A modification running on the hydrogen will be the top version of the new Lexus LS. According to the British publication Autocar, the new car will appear on the market in 2019, and the company will borrow a number of technological solutions from its parent Toyota and Mirai running on the hydrogen.
The new generation of Lexus LS is largely based on the LF-FC concept car, shown at the Tokyo Motor Show in 2015, and its main competitors on the market will be Audi A8, BMW 7-series, Jaguar XJ and Mercedes-Benz S -Class. A hybrid propulsion system on the basis of the V8 with a capacity about 535-540 hp will be another "green" version of the luxury sedan.
A president of Lexus Europe Alain Uyttenhoven told that the company knows how to make a car using the fuel cells, the only challenge for them is to "put up" the fuel installation into the car that needs a certain performance level. Also, the president said that the installation of the fuel cells is perfect, but the company also needs to do some work to guarantee the right level of performance.
The concept car Lexus LF-FC is a four-wheel drive hybrid vehicle made using the fuel cells. The main axis is the rear one, where the main electric motor is installed, but the front axis is not free of attention - each of the front wheels has the own electromotor. The company notes that thanks to this innovative system they have managed to achieve the optimum torque distribution, the excellent steering response and the best possible weight distribution.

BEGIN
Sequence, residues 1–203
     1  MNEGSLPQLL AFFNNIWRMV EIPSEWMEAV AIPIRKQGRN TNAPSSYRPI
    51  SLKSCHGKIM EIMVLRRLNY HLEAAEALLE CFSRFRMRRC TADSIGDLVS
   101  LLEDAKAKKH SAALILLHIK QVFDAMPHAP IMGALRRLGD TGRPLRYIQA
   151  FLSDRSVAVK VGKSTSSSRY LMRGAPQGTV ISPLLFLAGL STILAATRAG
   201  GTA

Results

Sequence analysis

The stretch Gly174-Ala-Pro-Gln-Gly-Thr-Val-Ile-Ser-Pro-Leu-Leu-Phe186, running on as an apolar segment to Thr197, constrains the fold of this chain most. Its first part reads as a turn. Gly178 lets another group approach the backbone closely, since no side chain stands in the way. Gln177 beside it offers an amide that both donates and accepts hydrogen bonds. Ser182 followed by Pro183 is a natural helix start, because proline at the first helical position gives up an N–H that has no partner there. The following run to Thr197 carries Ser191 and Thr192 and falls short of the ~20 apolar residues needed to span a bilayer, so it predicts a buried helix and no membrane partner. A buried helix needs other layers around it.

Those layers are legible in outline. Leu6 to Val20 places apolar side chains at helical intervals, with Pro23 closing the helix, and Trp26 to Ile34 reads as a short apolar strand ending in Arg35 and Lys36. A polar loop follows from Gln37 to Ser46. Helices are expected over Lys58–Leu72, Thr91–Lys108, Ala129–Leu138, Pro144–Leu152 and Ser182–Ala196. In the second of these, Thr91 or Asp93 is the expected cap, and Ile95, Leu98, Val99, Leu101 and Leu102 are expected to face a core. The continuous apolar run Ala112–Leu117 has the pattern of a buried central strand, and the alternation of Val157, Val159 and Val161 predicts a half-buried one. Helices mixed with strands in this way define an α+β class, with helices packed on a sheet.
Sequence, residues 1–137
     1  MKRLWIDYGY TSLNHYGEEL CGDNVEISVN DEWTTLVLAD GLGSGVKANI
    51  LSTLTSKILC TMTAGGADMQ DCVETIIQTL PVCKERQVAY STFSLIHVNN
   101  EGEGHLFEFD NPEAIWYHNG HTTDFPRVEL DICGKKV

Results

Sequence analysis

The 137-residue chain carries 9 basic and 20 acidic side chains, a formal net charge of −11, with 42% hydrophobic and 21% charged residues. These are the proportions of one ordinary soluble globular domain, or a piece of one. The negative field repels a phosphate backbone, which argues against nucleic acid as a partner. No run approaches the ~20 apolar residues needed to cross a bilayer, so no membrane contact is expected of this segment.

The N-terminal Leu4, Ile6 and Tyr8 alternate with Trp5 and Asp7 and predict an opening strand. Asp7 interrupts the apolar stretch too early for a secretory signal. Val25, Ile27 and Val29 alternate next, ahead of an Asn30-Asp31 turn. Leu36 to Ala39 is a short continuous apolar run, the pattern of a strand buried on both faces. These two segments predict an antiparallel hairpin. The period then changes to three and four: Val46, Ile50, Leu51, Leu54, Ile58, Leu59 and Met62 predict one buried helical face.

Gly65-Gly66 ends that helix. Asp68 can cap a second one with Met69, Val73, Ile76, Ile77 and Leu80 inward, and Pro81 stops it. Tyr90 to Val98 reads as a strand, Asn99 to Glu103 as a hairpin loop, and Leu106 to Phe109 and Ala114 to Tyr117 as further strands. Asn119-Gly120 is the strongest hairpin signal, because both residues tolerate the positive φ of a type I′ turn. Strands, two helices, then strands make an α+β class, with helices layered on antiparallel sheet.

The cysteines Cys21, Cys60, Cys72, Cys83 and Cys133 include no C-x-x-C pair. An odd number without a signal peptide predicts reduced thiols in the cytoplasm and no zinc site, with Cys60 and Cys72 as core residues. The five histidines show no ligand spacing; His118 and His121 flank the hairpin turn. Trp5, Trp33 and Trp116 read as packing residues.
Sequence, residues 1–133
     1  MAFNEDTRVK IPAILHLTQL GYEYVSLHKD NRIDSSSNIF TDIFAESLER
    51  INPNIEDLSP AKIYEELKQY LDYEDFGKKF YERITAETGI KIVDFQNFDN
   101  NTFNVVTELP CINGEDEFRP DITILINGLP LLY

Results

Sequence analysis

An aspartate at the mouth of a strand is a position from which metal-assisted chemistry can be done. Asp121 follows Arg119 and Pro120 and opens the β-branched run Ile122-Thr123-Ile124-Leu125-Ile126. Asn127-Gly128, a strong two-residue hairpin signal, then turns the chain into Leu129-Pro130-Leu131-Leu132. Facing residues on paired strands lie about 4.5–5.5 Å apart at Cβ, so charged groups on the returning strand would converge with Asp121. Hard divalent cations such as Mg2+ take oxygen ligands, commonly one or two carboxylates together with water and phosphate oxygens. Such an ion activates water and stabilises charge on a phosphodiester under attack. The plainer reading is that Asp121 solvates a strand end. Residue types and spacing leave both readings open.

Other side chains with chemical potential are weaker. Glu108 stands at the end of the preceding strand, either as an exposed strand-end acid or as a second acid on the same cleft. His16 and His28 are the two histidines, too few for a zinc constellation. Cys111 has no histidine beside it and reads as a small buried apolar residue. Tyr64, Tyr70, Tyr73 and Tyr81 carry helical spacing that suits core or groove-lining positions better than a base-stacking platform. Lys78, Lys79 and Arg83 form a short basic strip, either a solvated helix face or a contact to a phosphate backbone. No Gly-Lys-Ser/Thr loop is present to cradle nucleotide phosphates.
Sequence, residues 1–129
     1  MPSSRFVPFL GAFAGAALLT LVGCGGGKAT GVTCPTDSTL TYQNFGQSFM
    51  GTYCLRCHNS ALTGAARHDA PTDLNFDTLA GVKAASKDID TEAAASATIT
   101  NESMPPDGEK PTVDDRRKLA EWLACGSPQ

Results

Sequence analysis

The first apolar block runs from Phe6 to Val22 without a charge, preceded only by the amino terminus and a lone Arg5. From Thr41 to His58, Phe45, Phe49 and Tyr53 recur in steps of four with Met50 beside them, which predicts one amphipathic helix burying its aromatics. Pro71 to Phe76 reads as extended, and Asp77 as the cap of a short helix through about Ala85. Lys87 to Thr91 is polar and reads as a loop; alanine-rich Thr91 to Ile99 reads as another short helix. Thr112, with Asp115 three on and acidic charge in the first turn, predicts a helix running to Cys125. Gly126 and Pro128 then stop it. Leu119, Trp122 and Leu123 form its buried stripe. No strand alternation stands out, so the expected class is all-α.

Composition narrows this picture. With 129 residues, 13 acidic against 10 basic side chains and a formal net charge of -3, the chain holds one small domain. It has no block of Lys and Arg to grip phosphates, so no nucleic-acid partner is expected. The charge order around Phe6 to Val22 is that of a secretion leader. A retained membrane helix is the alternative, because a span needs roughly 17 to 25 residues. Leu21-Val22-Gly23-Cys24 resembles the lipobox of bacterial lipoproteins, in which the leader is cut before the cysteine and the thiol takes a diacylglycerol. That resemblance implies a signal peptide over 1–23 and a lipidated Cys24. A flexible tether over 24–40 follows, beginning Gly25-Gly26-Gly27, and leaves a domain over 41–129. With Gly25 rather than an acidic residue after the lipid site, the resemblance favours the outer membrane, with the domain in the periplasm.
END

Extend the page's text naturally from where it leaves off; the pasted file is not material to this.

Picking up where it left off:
According to expectations, the new LS will take and other latest technologies and developments of Lexus. For example, it is expected that the car will be also completed with some functions of the autonomous driving, new interior solutions, including a new generation of touch-screens and multimedia system that recognizes gesture commands.
The company believes that in the next years, the spread of hydrogen fueling stations will grow at an exponential rate. Especially in large cities, such as London, Los Angeles, Paris and Tokyo - where strict laws regulating the use of usual internal combustion engines will come into effect at the end of the decade.